What does the EU AML framework comprise in addition to the Third AML Directive?

  • Directive 2006/70/EC on politically exposed persons (e.g. high-ranking officials), simplified customer due diligence procedures and limited exemptions-> to be repealed by the Fourth AML Directive
  • Regulation 1781/2006 on traceability of transfers of funds by requiring information on the payer to accompany transfers of funds for the purposes of the prevention, investigation and detection of money laundering and terrorist financing -> to be repealed by the new Regulation
  • Regulation 1889/2005 on controls of cash, which requires persons entering or leaving the EU to declare cash sums they are carrying if the value amounts to EUR 10 000 or more
  • Council Decision 2000/642 concerning arrangements for cooperation between MS’ FIUs in respect of exchanging information -> not yet repealed but content embedded and strengthened in the Directive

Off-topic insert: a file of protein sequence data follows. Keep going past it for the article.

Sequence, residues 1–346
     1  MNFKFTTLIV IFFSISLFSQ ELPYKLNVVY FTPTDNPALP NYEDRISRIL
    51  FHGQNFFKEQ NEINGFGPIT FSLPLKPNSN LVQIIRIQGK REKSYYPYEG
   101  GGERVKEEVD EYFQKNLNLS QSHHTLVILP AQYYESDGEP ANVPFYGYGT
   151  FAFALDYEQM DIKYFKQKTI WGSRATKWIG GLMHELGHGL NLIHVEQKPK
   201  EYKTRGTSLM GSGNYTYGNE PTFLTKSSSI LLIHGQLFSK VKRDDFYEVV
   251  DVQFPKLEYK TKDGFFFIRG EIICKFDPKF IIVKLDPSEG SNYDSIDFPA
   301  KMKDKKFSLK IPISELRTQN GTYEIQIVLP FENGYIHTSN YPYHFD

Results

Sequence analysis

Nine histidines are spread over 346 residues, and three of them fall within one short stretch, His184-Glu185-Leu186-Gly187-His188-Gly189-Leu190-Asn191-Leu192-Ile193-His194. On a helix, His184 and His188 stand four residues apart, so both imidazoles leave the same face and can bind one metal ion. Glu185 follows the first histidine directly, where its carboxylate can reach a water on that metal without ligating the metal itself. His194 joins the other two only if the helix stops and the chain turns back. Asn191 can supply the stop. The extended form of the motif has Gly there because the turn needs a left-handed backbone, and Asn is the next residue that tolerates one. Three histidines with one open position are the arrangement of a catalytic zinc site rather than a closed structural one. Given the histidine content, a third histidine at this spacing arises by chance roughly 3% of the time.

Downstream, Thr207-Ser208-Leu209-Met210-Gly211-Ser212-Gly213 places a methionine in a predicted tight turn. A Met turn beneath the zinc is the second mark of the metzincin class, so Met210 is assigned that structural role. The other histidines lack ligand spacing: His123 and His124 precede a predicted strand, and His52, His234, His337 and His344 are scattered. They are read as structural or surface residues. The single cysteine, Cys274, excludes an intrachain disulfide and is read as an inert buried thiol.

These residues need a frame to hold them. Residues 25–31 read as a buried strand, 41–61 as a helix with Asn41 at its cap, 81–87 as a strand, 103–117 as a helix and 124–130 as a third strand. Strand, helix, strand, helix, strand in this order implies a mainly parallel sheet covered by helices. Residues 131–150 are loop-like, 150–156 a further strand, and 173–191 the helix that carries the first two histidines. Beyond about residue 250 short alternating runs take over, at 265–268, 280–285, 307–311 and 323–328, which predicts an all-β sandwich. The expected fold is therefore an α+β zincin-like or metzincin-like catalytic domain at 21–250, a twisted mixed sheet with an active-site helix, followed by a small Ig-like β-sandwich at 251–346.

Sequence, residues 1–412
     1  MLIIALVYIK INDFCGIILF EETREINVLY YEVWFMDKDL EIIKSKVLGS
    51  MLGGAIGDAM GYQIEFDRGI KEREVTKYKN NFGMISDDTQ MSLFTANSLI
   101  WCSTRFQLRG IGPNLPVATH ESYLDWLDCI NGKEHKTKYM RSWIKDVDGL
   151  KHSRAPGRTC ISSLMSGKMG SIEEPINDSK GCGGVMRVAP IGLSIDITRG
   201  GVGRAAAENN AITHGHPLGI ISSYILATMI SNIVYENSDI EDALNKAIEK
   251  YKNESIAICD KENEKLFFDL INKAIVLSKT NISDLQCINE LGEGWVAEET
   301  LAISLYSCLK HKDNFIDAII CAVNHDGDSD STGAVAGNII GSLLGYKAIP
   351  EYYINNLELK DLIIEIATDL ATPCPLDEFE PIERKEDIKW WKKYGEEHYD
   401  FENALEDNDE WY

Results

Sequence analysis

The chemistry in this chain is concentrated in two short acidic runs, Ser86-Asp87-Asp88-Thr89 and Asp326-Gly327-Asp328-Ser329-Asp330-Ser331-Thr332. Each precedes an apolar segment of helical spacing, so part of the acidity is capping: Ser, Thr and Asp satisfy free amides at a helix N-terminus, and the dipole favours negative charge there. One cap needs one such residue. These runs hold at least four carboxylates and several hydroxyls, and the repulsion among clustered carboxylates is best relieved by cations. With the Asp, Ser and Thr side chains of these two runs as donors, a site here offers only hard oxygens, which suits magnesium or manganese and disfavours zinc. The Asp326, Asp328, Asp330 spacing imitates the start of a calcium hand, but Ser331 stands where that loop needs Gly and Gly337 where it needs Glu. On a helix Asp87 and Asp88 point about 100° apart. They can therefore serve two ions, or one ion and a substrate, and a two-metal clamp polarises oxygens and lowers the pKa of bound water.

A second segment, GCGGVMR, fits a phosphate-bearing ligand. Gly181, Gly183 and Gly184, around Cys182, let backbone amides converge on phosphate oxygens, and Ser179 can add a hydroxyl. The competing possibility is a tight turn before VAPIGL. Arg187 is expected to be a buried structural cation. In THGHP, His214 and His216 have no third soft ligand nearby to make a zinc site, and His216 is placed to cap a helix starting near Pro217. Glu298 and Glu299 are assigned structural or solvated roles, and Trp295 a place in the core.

• A number of EU legal instruments imposing sanctions and restrictive measures on governments of third countries, or non-state entities and individuals (e.g. freezing assets).

[1] http://www.fatf-gafi.org/pages/aboutus/membersandobservers/

[2] http://www.fatf-gafi.org/topics/fatfrecommendations/documents/fatf-recommendations.html

[3] http://eur-lex.europa.eu/LexUriServ/LexUriServ.do?uri=CELEX:31991L0308:EN:HTML

[4] http://eur-lex.europa.eu/legal-content/EN/TXT/HTML/?uri=CELEX:32001L0097&from=EN

[5] http://eur-lex.europa.eu/legal-content/EN/TXT/?uri=celex:32005L0060

[6] Informal group set up in 2006 by the Commission, which gathers the MS’ financial intelligence units. Its main purpose is to facilitate cooperation among the national units, whose tasks are to receive, analyse and disseminate to competent authorities reports about suspicions of money laundering or terrorist financing. The Commission participates in the Platform and provides support.